Is this the end of China’s rise?

Sierra Leone Telegraph: 30 January 2016

china3China is staring economic stagnation in the face, and the ruling Chinese Communist Party (CCP) is panicking.

The segment of society the CCP fears most – its younger people with their Internet capability and changing political and cultural outlook, represent a critical demographic the Party finds itself increasingly beholden to, says Daniel Lynch, writing in the Foreign Affairs Magazine.

Author and academic Daniel Lynch says the end of China’s rise does not mean the country will collapse.

The dramatic shift the country is experiencing is more comparable to Japan’s deflationary spiral out in the 1990s after a phenomenal rise than the dissolution of the Soviet Union.

However, says Lynch, Chinese society is far stronger relative to the state, than it has been during previous periods of economic slowdown.

Particularly, one as serious as the current economic cycle, and reigning in political dissatisfaction through coercion and violence, will prove more difficult for the Chinese Communist Party.

china2For the past three months, uncertainty over the course of Chinese development has intensified, with a steady flow of mostly bad economic news: yet another plunge in the stock market, which was already crumbling and kept afloat only by massive state intervention; mounting corporate debt; and a hemorrhaging of foreign exchange reserves, to name a few.

The party appeared to have acknowledged the seriousness of its economic woes, which can only be worsened by a declining and aging labor force, when it announced in late October that it would replace its decades-old one-child policy with a two-child policy in March.

china economy1China desperately needs more young people not only to fill the factories and staff the offices and schools, but also to increase consumption so that the country can shift from an investment- to a domestic consumption–led model of economic development.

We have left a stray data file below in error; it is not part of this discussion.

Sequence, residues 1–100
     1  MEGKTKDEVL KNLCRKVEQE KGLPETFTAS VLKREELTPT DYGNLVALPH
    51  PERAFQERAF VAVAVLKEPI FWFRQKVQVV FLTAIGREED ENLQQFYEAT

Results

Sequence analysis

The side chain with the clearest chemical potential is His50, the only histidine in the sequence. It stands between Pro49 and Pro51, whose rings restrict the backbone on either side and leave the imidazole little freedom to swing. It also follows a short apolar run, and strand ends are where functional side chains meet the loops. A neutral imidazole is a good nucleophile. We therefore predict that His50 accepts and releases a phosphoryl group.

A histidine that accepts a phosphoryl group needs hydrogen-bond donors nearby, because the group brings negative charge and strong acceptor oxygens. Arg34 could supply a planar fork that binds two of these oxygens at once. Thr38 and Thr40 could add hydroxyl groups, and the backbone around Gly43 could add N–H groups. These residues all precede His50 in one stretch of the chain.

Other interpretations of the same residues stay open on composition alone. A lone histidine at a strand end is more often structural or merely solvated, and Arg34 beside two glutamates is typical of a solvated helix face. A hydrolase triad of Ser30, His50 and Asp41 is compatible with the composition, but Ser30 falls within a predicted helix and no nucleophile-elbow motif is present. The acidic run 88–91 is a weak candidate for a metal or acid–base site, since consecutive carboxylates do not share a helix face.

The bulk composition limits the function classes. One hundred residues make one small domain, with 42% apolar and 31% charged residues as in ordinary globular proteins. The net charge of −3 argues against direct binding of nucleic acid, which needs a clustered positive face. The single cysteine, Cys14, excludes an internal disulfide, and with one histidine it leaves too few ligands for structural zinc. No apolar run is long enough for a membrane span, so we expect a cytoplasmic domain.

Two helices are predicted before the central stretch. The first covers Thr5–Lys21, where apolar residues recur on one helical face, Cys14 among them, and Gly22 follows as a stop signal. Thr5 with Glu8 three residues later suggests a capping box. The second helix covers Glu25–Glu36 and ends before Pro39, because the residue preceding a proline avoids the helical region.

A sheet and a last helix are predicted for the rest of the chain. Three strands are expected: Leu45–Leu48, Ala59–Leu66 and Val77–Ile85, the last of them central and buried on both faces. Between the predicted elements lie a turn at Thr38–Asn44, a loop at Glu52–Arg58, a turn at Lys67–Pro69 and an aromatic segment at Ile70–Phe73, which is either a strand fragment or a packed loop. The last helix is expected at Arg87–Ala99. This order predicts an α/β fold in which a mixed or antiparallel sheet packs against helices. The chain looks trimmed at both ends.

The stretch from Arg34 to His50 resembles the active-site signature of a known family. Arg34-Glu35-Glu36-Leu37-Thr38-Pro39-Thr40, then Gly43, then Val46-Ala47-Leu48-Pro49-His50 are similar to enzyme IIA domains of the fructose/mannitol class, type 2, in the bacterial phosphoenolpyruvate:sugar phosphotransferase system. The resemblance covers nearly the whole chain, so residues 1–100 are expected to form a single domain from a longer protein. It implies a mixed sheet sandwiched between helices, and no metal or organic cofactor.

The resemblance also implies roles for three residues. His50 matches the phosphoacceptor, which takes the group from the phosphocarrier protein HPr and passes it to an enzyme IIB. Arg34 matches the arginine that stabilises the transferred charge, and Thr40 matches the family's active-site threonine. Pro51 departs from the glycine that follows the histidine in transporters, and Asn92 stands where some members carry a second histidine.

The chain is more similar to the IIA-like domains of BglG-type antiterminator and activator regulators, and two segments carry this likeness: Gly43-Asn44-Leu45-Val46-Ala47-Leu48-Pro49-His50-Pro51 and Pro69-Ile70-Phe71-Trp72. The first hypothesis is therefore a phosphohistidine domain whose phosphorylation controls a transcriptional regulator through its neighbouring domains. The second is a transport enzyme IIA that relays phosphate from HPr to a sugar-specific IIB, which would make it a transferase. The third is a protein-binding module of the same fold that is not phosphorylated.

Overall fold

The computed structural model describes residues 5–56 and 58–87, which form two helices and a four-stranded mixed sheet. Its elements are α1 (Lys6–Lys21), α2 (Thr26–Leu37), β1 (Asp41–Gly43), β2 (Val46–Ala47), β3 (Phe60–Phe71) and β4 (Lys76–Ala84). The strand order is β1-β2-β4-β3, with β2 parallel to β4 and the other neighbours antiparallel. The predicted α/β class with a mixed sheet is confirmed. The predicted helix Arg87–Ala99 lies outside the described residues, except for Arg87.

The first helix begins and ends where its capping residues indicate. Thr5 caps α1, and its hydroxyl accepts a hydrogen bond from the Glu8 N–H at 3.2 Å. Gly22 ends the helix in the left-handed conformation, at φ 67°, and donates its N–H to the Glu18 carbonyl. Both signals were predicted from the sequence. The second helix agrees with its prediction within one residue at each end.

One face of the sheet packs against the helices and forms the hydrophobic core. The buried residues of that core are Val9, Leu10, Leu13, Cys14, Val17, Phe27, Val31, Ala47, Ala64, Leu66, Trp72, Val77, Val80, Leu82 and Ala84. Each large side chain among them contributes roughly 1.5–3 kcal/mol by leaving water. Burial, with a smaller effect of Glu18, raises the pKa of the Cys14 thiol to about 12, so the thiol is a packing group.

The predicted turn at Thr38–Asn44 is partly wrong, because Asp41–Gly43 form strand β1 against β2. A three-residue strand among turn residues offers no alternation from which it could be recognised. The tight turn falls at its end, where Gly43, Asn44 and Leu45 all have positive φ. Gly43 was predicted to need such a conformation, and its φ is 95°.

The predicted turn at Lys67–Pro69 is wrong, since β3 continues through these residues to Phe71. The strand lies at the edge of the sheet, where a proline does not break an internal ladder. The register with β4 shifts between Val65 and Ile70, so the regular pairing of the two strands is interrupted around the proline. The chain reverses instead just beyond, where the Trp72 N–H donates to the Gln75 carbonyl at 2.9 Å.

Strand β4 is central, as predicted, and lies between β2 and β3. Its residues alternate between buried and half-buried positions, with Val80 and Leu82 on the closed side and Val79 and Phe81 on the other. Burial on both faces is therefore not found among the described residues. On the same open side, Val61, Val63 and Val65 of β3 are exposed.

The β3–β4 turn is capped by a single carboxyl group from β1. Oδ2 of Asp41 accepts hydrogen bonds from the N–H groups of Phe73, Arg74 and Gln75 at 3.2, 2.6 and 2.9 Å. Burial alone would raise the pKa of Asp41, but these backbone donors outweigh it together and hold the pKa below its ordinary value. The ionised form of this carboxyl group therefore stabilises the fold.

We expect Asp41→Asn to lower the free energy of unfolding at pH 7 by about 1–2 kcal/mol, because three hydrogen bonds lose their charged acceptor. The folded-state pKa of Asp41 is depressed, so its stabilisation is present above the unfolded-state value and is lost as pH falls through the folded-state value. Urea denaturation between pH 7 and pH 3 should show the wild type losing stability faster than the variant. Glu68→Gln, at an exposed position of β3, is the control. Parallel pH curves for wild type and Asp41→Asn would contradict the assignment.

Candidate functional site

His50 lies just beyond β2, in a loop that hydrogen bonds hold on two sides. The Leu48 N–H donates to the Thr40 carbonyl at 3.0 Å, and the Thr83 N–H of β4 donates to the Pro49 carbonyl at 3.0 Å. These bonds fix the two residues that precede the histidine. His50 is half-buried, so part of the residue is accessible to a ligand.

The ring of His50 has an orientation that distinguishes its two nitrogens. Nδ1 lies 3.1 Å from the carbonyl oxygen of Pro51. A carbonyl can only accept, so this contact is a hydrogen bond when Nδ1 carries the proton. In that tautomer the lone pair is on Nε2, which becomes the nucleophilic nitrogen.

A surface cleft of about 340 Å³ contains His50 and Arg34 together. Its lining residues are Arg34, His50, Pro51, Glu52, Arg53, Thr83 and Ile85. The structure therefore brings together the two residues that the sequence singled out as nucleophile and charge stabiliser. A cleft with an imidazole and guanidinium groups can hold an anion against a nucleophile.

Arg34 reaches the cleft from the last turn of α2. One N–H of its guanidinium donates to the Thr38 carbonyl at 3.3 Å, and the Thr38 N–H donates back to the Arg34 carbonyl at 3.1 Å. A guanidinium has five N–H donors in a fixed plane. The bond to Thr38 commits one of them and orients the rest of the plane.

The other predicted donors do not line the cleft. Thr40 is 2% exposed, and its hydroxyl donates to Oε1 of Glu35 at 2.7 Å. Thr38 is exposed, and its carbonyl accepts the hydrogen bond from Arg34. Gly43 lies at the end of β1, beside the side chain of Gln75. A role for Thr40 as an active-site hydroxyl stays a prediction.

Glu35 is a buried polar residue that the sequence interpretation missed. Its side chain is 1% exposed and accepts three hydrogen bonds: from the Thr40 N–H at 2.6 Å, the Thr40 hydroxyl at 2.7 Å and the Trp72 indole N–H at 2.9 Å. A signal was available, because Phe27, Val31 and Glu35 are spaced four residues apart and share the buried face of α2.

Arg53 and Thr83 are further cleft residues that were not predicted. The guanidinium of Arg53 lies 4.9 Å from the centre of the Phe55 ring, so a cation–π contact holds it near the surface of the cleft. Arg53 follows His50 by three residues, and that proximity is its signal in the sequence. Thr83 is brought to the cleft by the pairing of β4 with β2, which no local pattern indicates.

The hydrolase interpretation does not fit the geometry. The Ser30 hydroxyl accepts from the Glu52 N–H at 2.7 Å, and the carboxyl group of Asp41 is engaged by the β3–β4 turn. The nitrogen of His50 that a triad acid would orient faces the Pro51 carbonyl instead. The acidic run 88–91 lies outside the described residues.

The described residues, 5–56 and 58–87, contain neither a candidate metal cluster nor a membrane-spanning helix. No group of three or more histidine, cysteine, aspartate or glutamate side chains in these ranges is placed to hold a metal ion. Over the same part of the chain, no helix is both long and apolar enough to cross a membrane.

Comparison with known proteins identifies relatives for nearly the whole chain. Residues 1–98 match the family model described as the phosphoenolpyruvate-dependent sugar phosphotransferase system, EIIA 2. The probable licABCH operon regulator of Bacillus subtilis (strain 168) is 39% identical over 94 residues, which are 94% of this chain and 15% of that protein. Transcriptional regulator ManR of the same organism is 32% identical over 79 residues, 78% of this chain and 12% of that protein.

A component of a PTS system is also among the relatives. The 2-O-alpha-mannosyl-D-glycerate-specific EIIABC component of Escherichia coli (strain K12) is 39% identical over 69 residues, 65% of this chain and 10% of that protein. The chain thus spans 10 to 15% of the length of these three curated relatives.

But such a strategic shift cannot possibly succeed in time to prevent China’s rise from ending.


Not only must there be a period of time after slashing investment (which is only barely beginning now) to allow private consumption to step in to fill the void in demand, but slashing investment itself will also reduce demand for consumption in absolute terms.

People will lose their jobs, and the already heavily indebted corporate sector will earn less money to invest in sectors that genuinely need investment.

No country in history has relied as heavily on investment to both fuel GDP growth and maintain the existing structure of GDP in China.

This thought provoking article by Daniel Lynch – titled ‘China: Still powerful but less potent’ was published by Foreign Affairs on January 11, 2016.

About the author:

Daniel C. Lynch is an Associate Professor of International Relations at the University of Southern California and is a member of the USC US-China Institute Executive Committee. Lynch is the author of two books: Rising China and Asian Democratization: Socialization to “Global Culture” in the Political Transformations of Thailand, China, and Taiwan (Stanford University Press, 2006) [paperback edition: August 2008)], and After the Propaganda State: Media, Politics, and “Thought Work” in Reformed China (Stanford University Press, 1999).